Economy

Amazon pulls out of plans to build headquarters in New York City

Amazon pulls out of plans to build headquarters in New York City

High-level executives with several Amazon teams were notified within the past few weeks that they would have to relocate to NY, which caused unrest, according to two people familiar with the matter.

The deal would have meant an estimated 25,000 new jobs for the city.

Others like Alexandria Ocasio-Cortez, the progressive freshman Congresswoman from NY, hailed Amazon's withdrawal as a victory for members of the community who protested the deal in recent months. Amazon cited that opposition from state and local politicians as a critical reason for canceling the project, saying it required "positive, collaborative relationships" to undergo such a large project that would be built over a decade. The company said it would not look for a replacement location, and would continue to build a headquarters as planned in Northern Virginia as well as a smaller operations facility in Nashville.

Some people who praised the pullout included references to the wealth of Amazon's chief executive and founder, Jeff Bezos, the world's richest man with an estimated fortune of about $135 billion, while many who saw the decision as a blow to NY cited the loss of potentially tens of thousands of new jobs. "Rather than seriously engage with the community they proposed to profoundly change, Amazon continued its effort to shakedown governments to get its way". It pledged that the 25,000 jobs that will be added over 10 years at its so-called HQ2 in the Long Island City neighborhood will include new hires from "across the five boroughs" and with "all different levels of education". As a practical matter, that means calling off just one agreement, in MS, though two years ago the Trump Organization said it had as many as 30 potential deals in the pipeline. She said Walmart was forced to give up coming to New York City after similar opposition from union supporters. If elected officials in Nashville and Northern Virginia have learned anything from this fight, we hope it's that offering corporate welfare to giant companies with highly questionable records of social responsibility is a mistake.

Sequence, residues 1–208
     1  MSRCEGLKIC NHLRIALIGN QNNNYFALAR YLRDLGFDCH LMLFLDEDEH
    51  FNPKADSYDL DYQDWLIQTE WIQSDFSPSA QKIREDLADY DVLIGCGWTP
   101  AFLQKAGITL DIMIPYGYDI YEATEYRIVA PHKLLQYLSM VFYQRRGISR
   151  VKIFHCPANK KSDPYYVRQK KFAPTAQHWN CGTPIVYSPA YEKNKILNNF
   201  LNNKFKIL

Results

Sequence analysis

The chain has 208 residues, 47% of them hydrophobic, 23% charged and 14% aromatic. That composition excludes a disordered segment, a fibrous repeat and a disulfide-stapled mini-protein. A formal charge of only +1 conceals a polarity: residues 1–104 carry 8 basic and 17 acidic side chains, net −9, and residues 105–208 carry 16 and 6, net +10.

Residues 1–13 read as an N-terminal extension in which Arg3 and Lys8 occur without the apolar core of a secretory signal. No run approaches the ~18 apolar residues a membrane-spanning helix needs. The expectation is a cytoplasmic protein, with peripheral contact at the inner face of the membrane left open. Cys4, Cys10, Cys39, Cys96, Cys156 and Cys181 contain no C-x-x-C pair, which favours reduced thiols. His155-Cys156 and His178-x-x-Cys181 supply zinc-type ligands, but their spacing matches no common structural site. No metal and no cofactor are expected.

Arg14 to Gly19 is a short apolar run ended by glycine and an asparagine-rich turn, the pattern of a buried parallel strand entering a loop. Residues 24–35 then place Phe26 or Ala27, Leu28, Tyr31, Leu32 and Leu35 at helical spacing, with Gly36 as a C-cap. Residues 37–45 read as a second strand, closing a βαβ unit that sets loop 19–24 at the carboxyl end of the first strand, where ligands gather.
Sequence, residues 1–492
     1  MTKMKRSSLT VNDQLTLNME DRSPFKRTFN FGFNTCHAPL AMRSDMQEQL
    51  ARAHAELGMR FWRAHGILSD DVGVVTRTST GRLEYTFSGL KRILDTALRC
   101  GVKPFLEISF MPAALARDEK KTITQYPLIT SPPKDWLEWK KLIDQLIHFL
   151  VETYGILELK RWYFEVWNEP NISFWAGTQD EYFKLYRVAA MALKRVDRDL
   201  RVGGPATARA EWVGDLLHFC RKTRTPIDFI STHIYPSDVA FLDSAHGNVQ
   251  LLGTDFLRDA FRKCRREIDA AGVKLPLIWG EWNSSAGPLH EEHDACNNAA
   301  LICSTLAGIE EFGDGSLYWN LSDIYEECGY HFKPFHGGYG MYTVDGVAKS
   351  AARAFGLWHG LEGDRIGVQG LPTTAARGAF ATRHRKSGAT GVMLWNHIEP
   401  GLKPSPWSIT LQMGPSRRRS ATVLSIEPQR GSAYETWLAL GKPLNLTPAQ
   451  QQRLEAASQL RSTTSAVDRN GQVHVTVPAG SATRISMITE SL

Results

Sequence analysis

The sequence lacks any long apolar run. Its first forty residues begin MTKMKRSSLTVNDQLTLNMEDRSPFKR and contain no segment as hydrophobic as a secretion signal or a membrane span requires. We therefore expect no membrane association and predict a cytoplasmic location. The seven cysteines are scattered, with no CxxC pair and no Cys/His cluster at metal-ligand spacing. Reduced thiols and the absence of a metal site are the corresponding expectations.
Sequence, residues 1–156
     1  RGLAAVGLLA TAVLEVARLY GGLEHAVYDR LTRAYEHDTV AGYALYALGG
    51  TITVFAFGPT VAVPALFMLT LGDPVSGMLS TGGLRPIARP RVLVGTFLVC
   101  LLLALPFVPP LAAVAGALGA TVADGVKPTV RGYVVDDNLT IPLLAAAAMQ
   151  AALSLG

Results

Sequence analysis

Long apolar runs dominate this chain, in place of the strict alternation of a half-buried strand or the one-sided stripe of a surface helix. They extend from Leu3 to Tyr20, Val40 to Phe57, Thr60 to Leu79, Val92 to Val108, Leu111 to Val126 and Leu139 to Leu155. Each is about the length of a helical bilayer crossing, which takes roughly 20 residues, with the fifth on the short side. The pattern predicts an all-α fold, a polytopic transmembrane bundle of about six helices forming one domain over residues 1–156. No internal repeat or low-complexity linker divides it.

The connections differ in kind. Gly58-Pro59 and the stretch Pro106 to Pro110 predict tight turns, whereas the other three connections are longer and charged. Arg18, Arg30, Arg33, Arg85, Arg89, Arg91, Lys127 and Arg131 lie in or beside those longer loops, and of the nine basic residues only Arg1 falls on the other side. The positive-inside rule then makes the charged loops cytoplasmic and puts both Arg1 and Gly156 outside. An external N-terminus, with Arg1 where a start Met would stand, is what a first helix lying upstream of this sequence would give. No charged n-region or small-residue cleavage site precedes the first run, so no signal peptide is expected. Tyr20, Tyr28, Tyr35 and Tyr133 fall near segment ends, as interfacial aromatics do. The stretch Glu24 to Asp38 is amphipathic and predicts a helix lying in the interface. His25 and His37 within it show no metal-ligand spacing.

"This whole process shows why Amazon would have been a bad partner for NY".

Thursday's announcement was a serious blow to New York Governor Andrew Cuomo and Mayor Bill de Blasio, who lobbied intensely to land the campus within city limits. Something that did not escape Gov. Cuomo.

As reports emerged late last week that Amazon was reconsidering NY, multiple HQ2 finalists began reaching out to Amazon.

Last week Amazon executives tested the waters by speaking anonymously to The Washington Post about ditching its entire plan.

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New York, as arguably the capital of world commerce, will be fine without Amazon, others said.

Bankrate.com's senior economic analyst Mark Hamrick called Amazon's decision "a stunning development".

The company said it will not reopen the search process "at this time. We competed in and won the most hotly contested national economic development competition in the United States, resulting in at least 25,000-40,000 good paying jobs for our state and almost $30 billion in new revenue to fund transit improvements, new housing, schools and countless other quality of life improvements", Cuomo said in a statement.

It's the next twist in the Bachelorette-style contest that began more than a year ago when Amazon began searching for a location to build a second headquarters, with cities across the United States competing for Amazon's business, wooing the company with whispered sweet nothings and billions of dollars in tax breaks.

The Seattle-based Amazon had planned to bring 25,000 jobs to NY, and spend $US2.5 billion ($NZ3.6b) building its offices.

"We are disappointed to have reached this conclusion - we love NY", the company said in a blog post, adding that it already has 5,000 employees in the city and plans to grow those teams.

Furthermore, the statement read, "there are now over 5,000 Amazon employees in Brooklyn, Manhattan, and Staten Island, and we plan to continue growing these teams". The steadfast commitment and dedication that these leaders have demonstrated to the communities they represent inspired us from the very beginning and is one of the big reasons our decision was so hard.